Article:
XMRV: A "Natural Human Retrovirus"...???

Messages
1,270
Likes
116
Danny

Hi. I think I know what this means but not sure.

As I mentioned--and is mentioned here--MLV has been used in gene therapy. Viruses are used as vectors--fedex trucks so to speak--to deliver their payload of a correct gene into the genome. You need that good gene to integrate into the genome so when the cell divides you keep getting that good gene.

Anyway, they modified the virus so that (they believed) it would not be harmful and replicate endlessly. They used it because supposedly it doesn't cause infection in humans. HOWEVER, it did have promoter sequences intact that, when the virus integrated into the genome of the bubble babies given MLV/good gene, promoted cancer by switching on human genes for cancer. The bubble babies got cured only to get cancer, which then had to be treated with chemo.

What they're saying here is that if you have XMRV already--and then you get MLV in gene therapy-- (at least I THINK this is what they're saying)--you could get in serious trouble as the XMRV will help the MLV and allow it to replicate. They will work together. In addition they're saying if you're experimenting with or tweaking human cell lines in the lab, and those human cells happen to have XMRV, and you're using MLV to ferry your "cargo" (good gene or whatever else) into those cells you might create a monster...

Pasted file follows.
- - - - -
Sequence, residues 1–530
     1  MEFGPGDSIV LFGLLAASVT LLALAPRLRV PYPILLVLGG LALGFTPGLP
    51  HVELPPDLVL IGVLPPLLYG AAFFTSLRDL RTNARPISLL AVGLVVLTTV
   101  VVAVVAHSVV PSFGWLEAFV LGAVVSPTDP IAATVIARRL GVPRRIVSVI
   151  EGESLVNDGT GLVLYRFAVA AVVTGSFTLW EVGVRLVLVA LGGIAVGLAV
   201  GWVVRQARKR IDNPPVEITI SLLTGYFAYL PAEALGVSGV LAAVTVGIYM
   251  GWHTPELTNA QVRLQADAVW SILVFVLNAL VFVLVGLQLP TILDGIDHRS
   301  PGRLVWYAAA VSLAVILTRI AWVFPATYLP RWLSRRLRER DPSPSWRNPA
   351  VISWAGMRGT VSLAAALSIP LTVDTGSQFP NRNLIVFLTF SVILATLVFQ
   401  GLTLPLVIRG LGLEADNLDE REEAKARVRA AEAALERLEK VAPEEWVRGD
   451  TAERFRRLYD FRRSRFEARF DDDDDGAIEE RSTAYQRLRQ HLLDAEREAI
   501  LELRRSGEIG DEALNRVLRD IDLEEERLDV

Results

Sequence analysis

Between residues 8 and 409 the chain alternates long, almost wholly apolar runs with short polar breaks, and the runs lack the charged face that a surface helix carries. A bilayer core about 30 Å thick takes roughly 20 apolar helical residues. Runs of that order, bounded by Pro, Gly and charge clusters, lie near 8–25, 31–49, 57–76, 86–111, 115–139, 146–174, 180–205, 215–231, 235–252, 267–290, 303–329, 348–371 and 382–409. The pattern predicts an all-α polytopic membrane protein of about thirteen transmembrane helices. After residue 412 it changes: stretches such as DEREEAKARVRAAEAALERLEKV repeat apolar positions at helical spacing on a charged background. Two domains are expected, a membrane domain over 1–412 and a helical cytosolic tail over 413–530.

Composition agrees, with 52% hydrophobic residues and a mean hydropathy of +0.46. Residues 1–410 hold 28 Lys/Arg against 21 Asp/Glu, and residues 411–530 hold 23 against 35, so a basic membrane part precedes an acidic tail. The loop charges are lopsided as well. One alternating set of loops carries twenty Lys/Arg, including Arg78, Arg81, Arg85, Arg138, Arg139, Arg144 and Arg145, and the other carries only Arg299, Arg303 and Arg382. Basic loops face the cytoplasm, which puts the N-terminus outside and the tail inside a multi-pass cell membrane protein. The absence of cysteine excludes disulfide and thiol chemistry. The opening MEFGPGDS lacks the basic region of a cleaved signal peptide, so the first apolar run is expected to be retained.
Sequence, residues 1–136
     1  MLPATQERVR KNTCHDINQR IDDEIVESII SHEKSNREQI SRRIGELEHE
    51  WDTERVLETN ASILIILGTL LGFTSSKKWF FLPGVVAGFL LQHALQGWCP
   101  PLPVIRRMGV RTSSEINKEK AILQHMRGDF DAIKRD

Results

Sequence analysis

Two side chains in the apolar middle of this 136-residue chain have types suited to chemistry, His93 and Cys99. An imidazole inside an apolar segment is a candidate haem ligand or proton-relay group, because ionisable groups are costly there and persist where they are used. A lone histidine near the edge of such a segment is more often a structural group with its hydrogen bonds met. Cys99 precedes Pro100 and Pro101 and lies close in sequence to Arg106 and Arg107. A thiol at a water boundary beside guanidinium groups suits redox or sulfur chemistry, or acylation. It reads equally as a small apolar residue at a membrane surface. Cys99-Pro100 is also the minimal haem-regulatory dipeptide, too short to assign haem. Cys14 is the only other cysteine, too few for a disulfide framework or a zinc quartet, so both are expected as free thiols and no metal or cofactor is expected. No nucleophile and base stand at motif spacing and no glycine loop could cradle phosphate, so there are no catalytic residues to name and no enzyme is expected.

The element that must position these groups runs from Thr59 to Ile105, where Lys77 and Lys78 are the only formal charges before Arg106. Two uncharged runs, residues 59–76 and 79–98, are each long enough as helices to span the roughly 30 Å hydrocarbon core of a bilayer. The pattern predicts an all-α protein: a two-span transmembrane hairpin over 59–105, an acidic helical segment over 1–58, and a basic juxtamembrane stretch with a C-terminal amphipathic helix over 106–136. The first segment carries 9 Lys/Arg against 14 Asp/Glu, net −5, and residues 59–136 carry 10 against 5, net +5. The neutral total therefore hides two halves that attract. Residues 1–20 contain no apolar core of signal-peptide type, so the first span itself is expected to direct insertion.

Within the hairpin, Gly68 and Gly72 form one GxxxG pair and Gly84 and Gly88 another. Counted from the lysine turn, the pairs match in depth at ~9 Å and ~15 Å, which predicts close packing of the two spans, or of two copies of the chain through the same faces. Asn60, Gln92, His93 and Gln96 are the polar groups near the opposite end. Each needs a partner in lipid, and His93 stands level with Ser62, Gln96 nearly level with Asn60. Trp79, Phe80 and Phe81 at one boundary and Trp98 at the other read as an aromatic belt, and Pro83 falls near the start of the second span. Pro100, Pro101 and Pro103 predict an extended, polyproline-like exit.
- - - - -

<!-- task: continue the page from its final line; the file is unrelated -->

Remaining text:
I'd like to know if they've used MLV in anything else but gene therapy. You have to wonder about it jumping species when they were already conducting experiments in which they inserted MLV into humans.
 
Messages
1,270
Likes
116
By the way...helper viruses

These are really common, I believe.

There is a virus called adenovirus, mostly responsible for bad colds etc. It's pretty immunogenic and inflammatory. They tried to use that in gene therapy but it just is too immunogenic--dangerous. They thought they saw contaminants but it turns out it's something called Adeno associated virus.

They call it the wimpy virus. It doesn't really replicate on its own--unless it has help from Adenovirus.

I suspect this is commonplace--that viruses that either don't replicate on their own (or modified MLV as in the above article), or else aren't that BAD on their own and maybe a little indolent, get switched on by "helpers" and go awol.
 

dannybex

Senior Member
Messages
3,356
Likes
2,360
Location
Seattle
Thanks Jill...

Thanks so much for deciphering the study...my brain only stretches so far, especially in the mornings...

I'm curious about the earlier epidemics. I wonder if they even have tissue samples available from them, and if XMRV will show up way back in the 1930's or the 1950's outbreaks?
 
Messages
1,270
Likes
116
Danny I Somehow Doubt It...

Maybe I'm wrong, and it makes me sick to think of the possibility, but they have been manipulating MLV for several decades. I hate to conceive of lab/human error but think about it. We've actually been using it in cultures of all kinds probably, testing it, manipulating it, and even use it in gene therapy experiments. And it jumps species...